Remember how scientists can now selectively erase scary memories? As it turns out, chemical memory modification works both ways, and you can also use it to make memories last longer, at least in rats.
There’s one specific enzyme in your brain, called protein kinase M ζ, that seems to control how well memories are preserved. A few years ago, scientists showed that inhibiting the enzyme caused memories to fade much more rapidly than normal, and they’ve just published a paper showing that it works the other way, too: making more of the enzyme causes memories to stick around longer than they would normally, even after they’ve already been created.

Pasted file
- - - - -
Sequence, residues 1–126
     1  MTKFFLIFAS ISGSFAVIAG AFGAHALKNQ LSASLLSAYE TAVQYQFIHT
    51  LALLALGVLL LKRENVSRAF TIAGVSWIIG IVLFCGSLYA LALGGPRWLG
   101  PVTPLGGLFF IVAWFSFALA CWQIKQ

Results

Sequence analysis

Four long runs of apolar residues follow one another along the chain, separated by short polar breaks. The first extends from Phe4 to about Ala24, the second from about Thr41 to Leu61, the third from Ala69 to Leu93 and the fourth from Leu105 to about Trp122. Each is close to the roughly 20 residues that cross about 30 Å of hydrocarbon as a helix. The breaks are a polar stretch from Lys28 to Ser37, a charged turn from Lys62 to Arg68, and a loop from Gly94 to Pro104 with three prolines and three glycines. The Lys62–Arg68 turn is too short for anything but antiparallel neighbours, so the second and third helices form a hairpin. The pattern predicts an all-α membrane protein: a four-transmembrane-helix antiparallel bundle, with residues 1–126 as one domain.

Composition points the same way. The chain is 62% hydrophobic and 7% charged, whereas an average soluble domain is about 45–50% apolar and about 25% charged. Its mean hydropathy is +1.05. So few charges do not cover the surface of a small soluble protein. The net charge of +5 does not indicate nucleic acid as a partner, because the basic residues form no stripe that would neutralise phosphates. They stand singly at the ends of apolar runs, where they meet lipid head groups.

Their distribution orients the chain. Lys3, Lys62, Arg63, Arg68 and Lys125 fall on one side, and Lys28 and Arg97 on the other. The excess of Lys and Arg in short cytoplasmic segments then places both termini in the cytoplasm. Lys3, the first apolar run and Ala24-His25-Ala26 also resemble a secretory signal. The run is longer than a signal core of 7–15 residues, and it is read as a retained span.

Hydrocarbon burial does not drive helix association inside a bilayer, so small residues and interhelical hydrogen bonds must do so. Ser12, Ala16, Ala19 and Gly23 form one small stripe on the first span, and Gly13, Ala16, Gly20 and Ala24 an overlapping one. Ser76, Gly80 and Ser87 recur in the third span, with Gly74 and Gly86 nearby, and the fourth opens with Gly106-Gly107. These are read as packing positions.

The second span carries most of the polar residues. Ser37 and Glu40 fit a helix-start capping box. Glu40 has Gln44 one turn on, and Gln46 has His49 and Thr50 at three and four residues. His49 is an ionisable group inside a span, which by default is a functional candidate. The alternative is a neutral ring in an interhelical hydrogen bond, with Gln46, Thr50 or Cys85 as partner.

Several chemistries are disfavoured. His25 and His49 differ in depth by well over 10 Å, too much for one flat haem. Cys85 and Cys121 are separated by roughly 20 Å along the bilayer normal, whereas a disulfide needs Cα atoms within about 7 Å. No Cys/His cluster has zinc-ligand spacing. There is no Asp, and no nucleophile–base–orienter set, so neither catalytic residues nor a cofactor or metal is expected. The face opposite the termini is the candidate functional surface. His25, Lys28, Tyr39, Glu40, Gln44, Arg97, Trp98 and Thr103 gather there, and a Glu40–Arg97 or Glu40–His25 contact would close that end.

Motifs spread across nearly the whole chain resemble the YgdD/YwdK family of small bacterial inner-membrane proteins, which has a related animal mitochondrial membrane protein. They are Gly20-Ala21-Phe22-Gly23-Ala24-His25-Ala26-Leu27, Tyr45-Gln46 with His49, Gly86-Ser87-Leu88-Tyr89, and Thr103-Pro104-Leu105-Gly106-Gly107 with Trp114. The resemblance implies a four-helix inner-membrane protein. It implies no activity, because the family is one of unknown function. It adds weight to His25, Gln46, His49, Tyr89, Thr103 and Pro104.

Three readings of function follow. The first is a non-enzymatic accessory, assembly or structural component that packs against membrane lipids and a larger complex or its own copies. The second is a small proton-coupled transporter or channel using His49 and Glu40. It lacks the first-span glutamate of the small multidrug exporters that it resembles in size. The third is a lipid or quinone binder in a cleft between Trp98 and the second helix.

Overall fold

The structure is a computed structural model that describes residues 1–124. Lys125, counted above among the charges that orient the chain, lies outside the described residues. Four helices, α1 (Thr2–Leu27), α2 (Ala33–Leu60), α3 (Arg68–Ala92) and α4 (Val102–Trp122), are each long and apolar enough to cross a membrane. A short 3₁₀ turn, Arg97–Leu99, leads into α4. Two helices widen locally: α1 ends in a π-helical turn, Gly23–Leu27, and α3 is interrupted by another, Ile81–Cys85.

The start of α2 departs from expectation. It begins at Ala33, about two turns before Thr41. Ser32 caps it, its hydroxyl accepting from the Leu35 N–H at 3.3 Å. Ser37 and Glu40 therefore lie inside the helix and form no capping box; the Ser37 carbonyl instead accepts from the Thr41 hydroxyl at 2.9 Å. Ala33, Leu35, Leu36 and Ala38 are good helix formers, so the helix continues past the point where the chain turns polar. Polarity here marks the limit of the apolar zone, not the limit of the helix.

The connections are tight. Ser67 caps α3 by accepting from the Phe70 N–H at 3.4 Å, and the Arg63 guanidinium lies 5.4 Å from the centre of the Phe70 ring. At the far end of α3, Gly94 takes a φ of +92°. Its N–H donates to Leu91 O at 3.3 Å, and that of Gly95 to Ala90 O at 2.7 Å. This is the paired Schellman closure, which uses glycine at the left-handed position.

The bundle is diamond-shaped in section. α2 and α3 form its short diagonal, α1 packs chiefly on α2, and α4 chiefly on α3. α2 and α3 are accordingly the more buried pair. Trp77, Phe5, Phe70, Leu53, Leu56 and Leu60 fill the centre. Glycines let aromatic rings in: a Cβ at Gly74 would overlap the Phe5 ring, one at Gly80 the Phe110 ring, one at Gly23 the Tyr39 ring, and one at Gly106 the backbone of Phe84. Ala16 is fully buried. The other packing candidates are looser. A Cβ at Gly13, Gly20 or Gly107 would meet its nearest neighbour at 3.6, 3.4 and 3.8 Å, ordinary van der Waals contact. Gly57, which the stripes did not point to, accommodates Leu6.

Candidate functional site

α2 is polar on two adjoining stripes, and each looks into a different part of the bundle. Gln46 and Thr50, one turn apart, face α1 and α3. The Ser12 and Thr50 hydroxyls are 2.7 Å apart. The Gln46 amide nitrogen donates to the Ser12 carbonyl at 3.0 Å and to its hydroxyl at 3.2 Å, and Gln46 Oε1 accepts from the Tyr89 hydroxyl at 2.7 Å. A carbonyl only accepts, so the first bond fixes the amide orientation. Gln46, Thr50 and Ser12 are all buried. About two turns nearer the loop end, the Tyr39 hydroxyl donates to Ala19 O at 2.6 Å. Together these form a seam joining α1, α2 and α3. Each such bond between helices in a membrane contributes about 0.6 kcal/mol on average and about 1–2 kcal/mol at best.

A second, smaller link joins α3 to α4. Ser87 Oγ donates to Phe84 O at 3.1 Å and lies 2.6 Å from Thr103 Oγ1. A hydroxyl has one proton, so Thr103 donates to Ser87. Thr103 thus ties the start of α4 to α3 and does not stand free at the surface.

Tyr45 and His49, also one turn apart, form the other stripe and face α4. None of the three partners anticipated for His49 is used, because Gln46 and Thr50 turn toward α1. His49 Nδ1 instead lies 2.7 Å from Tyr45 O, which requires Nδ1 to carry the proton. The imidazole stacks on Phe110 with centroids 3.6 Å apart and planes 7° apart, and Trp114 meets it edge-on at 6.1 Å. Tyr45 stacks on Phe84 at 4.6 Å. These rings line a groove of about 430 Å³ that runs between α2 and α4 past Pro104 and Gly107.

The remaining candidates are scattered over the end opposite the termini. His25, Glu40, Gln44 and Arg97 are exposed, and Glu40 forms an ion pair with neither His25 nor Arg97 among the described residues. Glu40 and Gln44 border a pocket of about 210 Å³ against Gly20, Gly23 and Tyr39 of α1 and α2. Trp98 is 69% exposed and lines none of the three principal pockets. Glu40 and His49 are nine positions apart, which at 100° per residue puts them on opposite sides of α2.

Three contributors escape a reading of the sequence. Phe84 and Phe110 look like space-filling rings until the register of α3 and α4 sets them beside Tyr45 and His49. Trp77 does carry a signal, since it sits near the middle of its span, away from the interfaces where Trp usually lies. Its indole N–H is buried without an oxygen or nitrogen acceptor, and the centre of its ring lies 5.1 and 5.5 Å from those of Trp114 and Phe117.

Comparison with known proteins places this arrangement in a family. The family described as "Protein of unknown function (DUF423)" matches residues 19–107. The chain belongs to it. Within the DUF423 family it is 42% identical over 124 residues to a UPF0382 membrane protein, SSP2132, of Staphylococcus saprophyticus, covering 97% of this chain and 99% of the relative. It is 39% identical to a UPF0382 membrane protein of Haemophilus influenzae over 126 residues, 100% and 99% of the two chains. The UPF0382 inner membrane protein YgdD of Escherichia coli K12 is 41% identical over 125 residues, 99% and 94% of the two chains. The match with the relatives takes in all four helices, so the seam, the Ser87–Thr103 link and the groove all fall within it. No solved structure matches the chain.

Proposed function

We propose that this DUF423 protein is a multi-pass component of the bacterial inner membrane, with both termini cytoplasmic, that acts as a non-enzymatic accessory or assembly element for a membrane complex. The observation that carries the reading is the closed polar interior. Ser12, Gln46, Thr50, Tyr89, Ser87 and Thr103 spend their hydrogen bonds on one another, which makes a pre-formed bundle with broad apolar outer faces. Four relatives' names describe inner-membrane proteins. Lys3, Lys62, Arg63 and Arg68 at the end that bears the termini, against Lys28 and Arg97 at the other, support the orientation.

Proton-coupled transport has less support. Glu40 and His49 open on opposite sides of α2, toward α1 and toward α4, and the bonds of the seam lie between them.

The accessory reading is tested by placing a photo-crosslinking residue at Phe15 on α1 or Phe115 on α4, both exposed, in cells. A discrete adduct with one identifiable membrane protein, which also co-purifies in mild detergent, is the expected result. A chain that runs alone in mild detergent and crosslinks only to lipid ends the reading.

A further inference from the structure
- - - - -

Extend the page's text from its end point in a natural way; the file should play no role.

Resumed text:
While it’s suggested that this research could lead to memory-enhancing drugs, so far all the testing has just been done on rats and only on very specific types of associative memories. Oh, and there’s also the fact that getting more protein kinase M ζ isn’t like taking a pill, but instead involves custom-making a virus to pump out the enzyme and then infecting specific parts of the brain with it using what may or may not be a giant needle.
Still, we’re just in the first stages of this research, and it seems pretty promising. And honestly, if someone said ‘just let me shove this needle into your ear and inject your brain with a friendly little virus and then you’ll have a perfect memory,’ I’d probably let them do it, wouldn’t you?